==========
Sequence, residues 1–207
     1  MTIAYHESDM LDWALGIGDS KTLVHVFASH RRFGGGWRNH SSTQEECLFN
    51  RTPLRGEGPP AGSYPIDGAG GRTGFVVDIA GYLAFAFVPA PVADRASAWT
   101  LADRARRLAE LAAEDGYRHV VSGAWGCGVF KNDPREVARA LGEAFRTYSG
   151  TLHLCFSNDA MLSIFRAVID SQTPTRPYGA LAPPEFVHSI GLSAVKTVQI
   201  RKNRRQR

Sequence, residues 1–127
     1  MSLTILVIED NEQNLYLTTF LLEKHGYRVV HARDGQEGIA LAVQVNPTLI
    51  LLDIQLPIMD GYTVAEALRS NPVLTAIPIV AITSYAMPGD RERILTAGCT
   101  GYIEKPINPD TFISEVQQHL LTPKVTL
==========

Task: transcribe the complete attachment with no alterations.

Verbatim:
Sequence, residues 1–207
     1  MTIAYHESDM LDWALGIGDS KTLVHVFASH RRFGGGWRNH SSTQEECLFN
    51  RTPLRGEGPP AGSYPIDGAG GRTGFVVDIA GYLAFAFVPA PVADRASAWT
   101  LADRARRLAE LAAEDGYRHV VSGAWGCGVF KNDPREVARA LGEAFRTYSG
   151  TLHLCFSNDA MLSIFRAVID SQTPTRPYGA LAPPEFVHSI GLSAVKTVQI
   201  RKNRRQR

Sequence, residues 1–127
     1  MSLTILVIED NEQNLYLTTF LLEKHGYRVV HARDGQEGIA LAVQVNPTLI
    51  LLDIQLPIMD GYTVAEALRS NPVLTAIPIV AITSYAMPGD RERILTAGCT
   101  GYIEKPINPD TFISEVQQHL LTPKVTL